Co production can lead to redistribution of power in NHS services for people with learning disabilities


In a recent SCIE briefing, Needham (2009) defined co-production as an approach to delivering social care supports that actively encouraged input by the people who use services, emphasising that people getting support from services had assets and expertise which could help improve those services. Needham described co-production as potentially transformative, and an opportunity to rethink power, resources, partnerships, risks and outcomes in support services.

In this small study, the researchers worked with a small group of people with learning disabilities using NHS services to help increase their knowledge of human rights as part of a broader piece of work looking at changes in organisational culture.

The research team set up a group to help people with learning disabilities understand and stand up for their human rights in health services, which the group did by creating a character FREDA, named after key human rights principles, Fairness, Respect, Equality, Dignity, Autonomy and used this character to help understand how human rights laws affected their lives.

As the work developed and each partner to the process began their own learning, the group gradually deviated from their original plan, choosing to share knowledge and experiences with each other> The authors describe this process as as ‘co-production’ which they suggest emerged through the process of the research as the preferred model for promoting the service users’ understanding of human rights.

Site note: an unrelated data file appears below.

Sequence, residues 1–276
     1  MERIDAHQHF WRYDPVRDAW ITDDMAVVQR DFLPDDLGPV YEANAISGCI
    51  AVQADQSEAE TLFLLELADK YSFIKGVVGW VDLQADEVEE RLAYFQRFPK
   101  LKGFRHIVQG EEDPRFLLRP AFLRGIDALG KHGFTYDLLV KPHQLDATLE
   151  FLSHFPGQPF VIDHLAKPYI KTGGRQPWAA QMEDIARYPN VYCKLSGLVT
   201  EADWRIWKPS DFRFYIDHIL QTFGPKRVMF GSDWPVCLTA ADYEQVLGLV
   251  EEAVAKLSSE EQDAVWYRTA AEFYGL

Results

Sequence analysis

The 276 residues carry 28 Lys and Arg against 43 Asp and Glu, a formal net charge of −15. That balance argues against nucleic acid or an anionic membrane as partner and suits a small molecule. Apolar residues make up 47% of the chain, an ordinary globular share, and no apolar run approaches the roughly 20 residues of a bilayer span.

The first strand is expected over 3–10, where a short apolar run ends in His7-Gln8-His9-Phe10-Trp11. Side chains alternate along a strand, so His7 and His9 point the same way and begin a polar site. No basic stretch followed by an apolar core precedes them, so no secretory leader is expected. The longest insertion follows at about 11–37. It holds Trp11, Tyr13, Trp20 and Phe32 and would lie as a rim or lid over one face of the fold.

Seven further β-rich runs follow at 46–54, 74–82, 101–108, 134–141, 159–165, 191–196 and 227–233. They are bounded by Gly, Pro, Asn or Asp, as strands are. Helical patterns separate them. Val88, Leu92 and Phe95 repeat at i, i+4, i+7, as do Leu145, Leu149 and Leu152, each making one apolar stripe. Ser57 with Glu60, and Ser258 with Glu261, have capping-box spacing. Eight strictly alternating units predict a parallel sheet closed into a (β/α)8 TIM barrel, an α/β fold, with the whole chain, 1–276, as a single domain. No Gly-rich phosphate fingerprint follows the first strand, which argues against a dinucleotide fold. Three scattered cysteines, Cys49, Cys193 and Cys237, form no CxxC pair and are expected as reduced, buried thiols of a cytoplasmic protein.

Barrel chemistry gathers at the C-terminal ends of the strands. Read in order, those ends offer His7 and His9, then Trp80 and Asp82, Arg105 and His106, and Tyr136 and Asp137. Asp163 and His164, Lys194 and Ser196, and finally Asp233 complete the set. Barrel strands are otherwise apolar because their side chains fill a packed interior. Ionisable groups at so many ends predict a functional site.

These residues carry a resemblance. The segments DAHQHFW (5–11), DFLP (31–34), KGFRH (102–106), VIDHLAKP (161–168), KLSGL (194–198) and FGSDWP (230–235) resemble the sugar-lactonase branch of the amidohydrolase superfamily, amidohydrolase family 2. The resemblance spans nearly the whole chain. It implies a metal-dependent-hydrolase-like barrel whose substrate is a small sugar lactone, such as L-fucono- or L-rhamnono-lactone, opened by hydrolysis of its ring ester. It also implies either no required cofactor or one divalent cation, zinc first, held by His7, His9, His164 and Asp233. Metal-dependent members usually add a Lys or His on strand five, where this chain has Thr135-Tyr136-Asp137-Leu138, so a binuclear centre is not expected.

The authors talk about this approach where ‘co-production’ of service design and delivery led to outcomes they describe as initially inconceivable.

They conclude that co-production was a good vehicle for resolving dilemmas about services ‘empowering’ service users, leading to a potential

move away from tokenism towards collaboration, empowerment and redistribution of power is possible.

‘Standing up for my human rights’: a group’s journey beyond consultation towards co-production, Roberts, A et al, in British Journal of Learning Disabilities, 40: 292–301

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John Northfield

After qualifying as a social worker, John worked in community learning disability teams before getting involved in a number of long-stay hospital closure programmes, working to develop individual plans for people moving into their own homes. He worked for BILD, helping to develop the Quality Network and was editorial lead for the NHS electronic library learning disabilities specialist collection. This led him to found the Learning Disabilities Elf site with Andre Tomlin as a way of making the evidence accessible to practitioners in health and social care. Most recently he has worked as part of Mencap's national quality team and also been involved in a number of national website developments, including the General Medical Council's learning disabilities site.

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